The professional association and trade union for doctors in the UK has warned the government that a “perfect storm” is brewing in the sector, caused mainly by pensions taxation rules. 

In an open letter to the Chancellor of the Exchequer, the British Medical Association (BMA) said doctors were considering reducing their NHS working hours unless there was tangible reform to the NHS pension scheme.

It said current pension and tax rules were creating a “perfect storm” in the NHS workforce, forcing senior consultants to reduce their hours, retire early or leave the health service altogether to avoid a “disproportionately large” additional tax burden.

Rob Harwood, chair of the BMA’s consultant committee, said: “It cannot be right that doctors working extra hours to reduce waiting lists or cover rota gaps are then hit with additional tax bills greater than the value of the extra hours worked.”

The letter was the latest in a series the BMA said it had sent to the government. The BMA voiced disappointment that neither the government nor NHS Employers had tackled the issue, and it was the association’s responsibility to inform and protect its members.

Harwood said: “Unless action is taken, our only option is to reduce the amount of time we work for the NHS, which will through no fault of our own, be detrimental to our patients and to the country’s health service – exactly what the BMA has been trying to avoid.”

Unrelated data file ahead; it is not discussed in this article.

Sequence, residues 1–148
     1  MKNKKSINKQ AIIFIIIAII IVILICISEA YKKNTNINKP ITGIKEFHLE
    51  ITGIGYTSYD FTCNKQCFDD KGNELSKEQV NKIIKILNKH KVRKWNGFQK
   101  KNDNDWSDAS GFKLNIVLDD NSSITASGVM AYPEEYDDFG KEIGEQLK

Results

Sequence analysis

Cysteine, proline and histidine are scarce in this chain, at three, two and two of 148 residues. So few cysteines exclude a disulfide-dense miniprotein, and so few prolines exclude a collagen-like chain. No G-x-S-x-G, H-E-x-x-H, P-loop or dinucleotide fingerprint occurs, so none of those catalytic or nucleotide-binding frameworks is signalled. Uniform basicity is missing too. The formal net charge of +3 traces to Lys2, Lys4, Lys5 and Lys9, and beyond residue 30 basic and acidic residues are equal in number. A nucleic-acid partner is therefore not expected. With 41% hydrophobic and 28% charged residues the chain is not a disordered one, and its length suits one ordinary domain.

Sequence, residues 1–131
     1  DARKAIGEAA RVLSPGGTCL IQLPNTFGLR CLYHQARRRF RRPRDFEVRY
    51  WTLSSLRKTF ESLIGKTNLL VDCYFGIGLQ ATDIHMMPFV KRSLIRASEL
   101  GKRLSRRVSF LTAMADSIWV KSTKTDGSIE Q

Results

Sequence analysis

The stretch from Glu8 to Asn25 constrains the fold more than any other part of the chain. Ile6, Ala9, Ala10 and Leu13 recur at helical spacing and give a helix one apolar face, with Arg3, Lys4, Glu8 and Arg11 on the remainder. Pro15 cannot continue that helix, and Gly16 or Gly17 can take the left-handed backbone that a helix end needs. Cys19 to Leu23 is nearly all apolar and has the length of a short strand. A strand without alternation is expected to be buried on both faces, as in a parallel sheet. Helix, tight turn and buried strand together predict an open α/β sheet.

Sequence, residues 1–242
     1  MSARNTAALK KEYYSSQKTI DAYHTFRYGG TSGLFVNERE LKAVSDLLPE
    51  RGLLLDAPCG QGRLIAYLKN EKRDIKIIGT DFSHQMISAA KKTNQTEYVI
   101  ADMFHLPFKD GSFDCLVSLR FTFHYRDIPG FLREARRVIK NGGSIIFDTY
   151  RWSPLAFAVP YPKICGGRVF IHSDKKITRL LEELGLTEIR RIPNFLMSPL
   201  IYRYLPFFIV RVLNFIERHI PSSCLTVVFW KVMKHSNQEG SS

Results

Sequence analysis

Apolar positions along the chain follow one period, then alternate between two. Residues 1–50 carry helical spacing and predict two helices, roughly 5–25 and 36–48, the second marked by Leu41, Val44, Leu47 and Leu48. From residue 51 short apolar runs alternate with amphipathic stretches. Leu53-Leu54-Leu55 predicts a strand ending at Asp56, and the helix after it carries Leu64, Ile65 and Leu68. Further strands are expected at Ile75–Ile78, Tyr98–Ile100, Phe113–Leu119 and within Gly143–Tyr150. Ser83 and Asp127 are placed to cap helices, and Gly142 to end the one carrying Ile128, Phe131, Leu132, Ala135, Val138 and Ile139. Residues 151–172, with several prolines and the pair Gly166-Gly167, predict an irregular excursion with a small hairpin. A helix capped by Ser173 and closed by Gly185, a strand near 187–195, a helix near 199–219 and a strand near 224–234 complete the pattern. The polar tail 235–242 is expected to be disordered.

The NHS Pensions Scheme is a government-backed statutory, unfunded, defined benefit occupational pension scheme that is open to all NHS employees and employees of other approved organisations. 

A Treasury spokesperson told IPE it was aware of the concerns raised by NHS staff and was discussing the issue with the department for health and social care.

He said the Treasury understood the value of pensions, “which is why we allow the majority of savers to make contributions tax-free and doctors, like all NHS staff, benefit from one of the best available defined benefit occupational pensions schemes. But we do have to get the balance right between encouraging saving and managing government finances, which is why we restrict the tax relief available for the highest earners.”

Most UK workers can save up to £40,000 (€46,360) in a pension every year without incurring the annual allowance tax charge set by government. The allowance begins to reduce once someone earns more than £150,000 in a year. 

The Treasury said than less than 1% of pension savers will have to reduce their saving or face an annual allowance charge as a result of the tapered annual allowance.

This article was updated to include comment from the Treasury